[first published November 11, 2011]
"St. Thomas called art 'reason in making.' This is a very cold and very beautiful definition, and if it is unpopular today, this is because reason has lost ground among us. As grace and nature have been separated, so imagination and reason have been separated, and this always means an end to art. The artist uses his reason to discover an answering reason in everything he sees. For him, to be reasonable is to find, in the object, in the situation, in the sequence, the spirit which makes it itself. This is not an easy or simple thing to do. It is to intrude upon the timeless, and that is only done by the violence of a single-minded respect for the truth."
For the tale of the great Sundering, grab a copy of Richard Rubenstein's 2003 book, Aristotle's Children: How Christians, Muslims, and Jews Rediscovered Ancient Wisdom and Illuminated the Dark Ages.
Aristotle's writings had been lost to the West for almost a thousand years. How did medieval universities and the leading churchmen react to their re-discovery in the 12th century? To Rubenstein's surprise, it turns out they "tried to modernize the Church by reconciling faith and reason" -- refusing to settle, as we moderns have, for a "split between the cultures of the heart and the head."
There will always be tension between reason and faith, but history shows us it can be a creative tension. Today's world of 'value-free' science and 'reason-free' religion is a house dangerously divided.
It is high time to restore the Aristotelian consensus. Faith and reason were not implacable enemies in the medieval era, and they need not be in our day.
There is no justification for the modern world settling for "a coldly objectivist science and a passionately subjectivist religion."
Professor Rubenstein writes of the malign influence of William of Ockham with his philosophy of Nominalism. It's a shame that someone such as Peter Kreeft hasn't written a book on the English Franciscan who died in the mid-14th century during the Black Death -- and of the deep influence he had on the thought of the Reformation. (Luther was trained at the University of Erfurt in nominalist theology.)
Who does Rubenstein say were the two leading Aristotle-haters of the early modern period? Martin Luther ("no one can become a theologian unless he becomes one without Aristotle") and Thomas Hobbes (contra Aristotle's notion that politics is a branch of ethics, he asserted that the law of the state is the law). Rubenstein calls Hobbes "the most brilliant spokesman of the new ruling class," those elites who wanted to be free of all restraints on their power -- thus they wanted no truck with the ideas of Aristotle or Aquinas about reason and morality. Hobbes carried the new day with his glorification of will and power.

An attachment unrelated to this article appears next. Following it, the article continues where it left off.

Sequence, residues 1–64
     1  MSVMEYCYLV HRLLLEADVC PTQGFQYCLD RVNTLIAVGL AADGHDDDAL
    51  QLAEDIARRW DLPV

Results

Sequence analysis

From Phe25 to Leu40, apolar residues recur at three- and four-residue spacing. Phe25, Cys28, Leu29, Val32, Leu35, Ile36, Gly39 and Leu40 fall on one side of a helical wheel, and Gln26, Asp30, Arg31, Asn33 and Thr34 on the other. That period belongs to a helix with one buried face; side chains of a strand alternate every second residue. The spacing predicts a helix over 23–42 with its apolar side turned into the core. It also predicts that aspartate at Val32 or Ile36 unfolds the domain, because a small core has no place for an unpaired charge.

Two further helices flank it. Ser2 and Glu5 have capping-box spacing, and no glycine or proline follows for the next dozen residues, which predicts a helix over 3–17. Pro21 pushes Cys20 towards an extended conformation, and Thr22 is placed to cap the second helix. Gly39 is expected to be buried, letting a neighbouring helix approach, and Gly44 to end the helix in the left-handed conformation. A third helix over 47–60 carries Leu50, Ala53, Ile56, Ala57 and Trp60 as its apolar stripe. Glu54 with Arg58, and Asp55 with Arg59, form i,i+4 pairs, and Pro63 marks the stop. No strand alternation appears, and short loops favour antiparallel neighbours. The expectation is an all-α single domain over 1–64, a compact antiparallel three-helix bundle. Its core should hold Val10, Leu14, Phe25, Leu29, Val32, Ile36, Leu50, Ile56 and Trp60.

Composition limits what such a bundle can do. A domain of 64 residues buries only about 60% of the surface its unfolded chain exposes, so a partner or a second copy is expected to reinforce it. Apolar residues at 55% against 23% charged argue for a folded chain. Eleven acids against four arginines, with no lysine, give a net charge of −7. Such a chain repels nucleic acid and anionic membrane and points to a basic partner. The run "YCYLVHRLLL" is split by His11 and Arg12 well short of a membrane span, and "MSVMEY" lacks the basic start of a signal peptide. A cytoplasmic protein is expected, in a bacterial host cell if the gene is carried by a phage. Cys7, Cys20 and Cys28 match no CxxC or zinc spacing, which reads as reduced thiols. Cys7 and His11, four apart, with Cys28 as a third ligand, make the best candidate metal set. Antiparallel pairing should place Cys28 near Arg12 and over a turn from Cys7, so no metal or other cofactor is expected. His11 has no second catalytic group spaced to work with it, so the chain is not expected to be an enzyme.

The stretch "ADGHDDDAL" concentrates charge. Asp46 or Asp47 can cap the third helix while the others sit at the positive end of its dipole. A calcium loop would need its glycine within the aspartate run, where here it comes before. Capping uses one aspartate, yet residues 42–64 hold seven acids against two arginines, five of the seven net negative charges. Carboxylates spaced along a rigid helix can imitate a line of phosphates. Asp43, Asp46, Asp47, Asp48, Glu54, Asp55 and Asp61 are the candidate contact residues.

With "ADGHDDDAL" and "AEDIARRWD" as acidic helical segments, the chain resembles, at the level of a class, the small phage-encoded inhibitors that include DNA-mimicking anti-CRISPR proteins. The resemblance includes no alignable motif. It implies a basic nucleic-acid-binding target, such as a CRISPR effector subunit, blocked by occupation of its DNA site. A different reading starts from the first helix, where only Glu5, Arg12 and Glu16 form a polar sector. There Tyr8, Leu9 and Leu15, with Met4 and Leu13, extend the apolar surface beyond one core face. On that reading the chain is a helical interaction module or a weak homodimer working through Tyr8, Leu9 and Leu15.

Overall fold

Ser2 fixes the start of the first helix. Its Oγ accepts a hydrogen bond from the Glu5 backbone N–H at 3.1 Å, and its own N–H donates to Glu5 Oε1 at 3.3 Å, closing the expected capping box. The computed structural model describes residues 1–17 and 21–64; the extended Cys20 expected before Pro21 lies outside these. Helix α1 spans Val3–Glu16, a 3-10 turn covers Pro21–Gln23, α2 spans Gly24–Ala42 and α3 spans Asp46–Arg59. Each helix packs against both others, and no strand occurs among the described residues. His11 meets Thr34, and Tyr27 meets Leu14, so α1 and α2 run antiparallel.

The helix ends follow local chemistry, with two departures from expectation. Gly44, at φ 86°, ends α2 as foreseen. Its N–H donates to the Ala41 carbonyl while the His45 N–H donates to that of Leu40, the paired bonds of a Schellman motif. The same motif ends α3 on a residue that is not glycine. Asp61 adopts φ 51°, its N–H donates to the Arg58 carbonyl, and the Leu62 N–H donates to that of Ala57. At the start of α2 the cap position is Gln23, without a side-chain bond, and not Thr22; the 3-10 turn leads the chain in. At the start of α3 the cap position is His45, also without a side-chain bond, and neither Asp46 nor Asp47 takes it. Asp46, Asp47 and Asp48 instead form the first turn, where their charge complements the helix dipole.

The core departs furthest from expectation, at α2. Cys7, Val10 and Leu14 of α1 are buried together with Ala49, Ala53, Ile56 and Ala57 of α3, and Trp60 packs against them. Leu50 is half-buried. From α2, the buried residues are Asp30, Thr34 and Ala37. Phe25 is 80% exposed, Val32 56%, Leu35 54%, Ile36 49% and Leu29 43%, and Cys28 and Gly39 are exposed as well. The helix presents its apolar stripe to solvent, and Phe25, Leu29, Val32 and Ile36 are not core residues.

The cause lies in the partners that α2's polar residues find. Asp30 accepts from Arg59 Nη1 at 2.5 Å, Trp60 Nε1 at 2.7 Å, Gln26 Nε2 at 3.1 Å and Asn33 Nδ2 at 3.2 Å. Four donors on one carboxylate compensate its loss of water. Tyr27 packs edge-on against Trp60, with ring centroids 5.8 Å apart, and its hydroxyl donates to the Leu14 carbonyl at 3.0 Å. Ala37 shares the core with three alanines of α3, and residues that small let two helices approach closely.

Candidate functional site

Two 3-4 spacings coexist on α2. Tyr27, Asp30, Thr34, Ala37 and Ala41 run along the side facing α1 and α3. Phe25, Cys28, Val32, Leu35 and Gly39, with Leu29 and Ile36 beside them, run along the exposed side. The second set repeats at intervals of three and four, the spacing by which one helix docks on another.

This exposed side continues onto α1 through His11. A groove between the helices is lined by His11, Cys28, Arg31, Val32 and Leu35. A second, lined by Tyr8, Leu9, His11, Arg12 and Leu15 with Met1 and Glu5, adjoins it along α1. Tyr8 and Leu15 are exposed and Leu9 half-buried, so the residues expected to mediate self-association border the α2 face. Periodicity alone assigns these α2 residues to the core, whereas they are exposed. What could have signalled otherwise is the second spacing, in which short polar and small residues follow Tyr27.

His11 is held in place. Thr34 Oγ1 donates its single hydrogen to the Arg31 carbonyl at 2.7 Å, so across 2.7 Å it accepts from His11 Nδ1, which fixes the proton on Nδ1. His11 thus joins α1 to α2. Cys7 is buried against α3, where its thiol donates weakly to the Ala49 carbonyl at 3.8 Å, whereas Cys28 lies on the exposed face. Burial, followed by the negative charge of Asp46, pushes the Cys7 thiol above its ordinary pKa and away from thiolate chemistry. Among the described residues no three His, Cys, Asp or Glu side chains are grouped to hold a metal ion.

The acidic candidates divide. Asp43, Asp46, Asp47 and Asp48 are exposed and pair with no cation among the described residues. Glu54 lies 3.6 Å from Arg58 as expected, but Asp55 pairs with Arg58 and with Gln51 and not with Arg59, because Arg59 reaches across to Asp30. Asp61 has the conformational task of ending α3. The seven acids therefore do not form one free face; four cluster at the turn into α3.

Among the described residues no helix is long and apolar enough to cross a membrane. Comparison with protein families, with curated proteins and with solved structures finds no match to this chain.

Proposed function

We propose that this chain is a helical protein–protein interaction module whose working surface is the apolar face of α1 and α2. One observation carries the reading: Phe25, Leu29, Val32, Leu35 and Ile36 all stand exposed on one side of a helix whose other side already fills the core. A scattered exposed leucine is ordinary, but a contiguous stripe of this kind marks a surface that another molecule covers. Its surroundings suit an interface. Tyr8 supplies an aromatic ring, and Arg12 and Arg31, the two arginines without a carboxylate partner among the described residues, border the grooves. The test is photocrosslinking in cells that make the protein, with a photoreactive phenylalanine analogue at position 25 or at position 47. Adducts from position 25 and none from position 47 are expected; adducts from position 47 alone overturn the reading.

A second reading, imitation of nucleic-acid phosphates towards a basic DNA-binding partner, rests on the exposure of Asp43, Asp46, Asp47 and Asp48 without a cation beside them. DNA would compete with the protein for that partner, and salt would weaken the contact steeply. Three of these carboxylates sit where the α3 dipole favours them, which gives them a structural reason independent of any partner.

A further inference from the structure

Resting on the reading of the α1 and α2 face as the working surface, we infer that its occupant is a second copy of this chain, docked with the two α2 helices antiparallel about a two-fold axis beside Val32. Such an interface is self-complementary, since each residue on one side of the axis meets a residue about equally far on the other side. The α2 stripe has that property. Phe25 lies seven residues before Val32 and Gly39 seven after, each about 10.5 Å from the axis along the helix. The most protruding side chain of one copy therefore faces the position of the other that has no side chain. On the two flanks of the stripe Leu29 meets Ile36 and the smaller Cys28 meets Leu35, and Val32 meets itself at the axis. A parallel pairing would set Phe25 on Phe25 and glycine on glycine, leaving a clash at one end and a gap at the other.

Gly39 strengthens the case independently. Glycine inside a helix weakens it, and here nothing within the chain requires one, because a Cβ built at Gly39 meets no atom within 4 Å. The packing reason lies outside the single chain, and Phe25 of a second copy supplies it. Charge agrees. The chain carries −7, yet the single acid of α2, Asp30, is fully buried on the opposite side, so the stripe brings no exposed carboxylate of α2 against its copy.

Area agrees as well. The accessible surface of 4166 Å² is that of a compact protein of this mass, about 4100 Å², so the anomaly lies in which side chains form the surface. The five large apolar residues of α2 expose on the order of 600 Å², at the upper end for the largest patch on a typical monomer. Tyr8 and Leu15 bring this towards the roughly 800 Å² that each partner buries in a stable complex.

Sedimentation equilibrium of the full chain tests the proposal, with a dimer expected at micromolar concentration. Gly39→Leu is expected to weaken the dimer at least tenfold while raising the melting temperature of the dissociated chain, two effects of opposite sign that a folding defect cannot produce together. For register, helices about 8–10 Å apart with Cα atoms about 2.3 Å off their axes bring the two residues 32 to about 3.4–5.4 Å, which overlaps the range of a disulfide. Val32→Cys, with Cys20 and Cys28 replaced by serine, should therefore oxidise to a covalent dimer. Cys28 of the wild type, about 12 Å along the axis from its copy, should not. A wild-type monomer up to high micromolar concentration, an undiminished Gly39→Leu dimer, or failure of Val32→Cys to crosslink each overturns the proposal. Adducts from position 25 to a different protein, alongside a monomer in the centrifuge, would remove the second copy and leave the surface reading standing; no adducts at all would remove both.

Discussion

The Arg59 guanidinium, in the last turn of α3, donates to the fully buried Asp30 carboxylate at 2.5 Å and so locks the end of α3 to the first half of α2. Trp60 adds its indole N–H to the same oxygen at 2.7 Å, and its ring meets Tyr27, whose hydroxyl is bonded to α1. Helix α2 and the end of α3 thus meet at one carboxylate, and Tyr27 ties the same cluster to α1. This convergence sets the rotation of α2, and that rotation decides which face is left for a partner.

"Medieval students did not have to agree with him on every point -- in fact, on some points, Christians were expected to disagree -- but for four centuries, one could not begin a discussion of metaphysics, natural science, logic, theology, ethics, aesthetics, or politics without referring to Aristotle's views and dealing respectfully with them."
Catholic publisher Mark Brumley has written:
"The irony is profound. The Reformation sought to recover 'genuine Christianity' by hacking through what it regarded as the vast overgrowth of medieval theology. Yet to do so, the Reformers wielded swords forged in the fires of the worst of medieval theology – the decadent scholasticism of Nominalism."
UPDATE -- From another review of Professor Rubenstein's book:
"For, unlike those 17th-century Inquisitors who forced Galileo to recant, 12th-century Archbishop Raymund I of Toledo was one of the unrecognized heroes of Western culture, who 'did more than any man to make the treasures of Greek philosophy and science available to the Latin world... and opened the door to advanced Arab and Jewish ideas,' Rubenstein writes. Establishing a translation center in Toledo, he recruited 'the best scholars available... whether Christian, Jew, Muslim, Latin, Greek, or Slav.' "
Toledo is less than 50 miles from Madrid. It was the first great city of Al-Andalus (Islamic Iberia) to be conquered by a Christian kingdom:
"When Castilian king Alfonso IV conquered the city in 1085, he found out that there were plenty of original works in the libraries of Toledo, including the remaining works from the library of the caliph of Cordoba, which had managed to gather up to 400,000 volumes."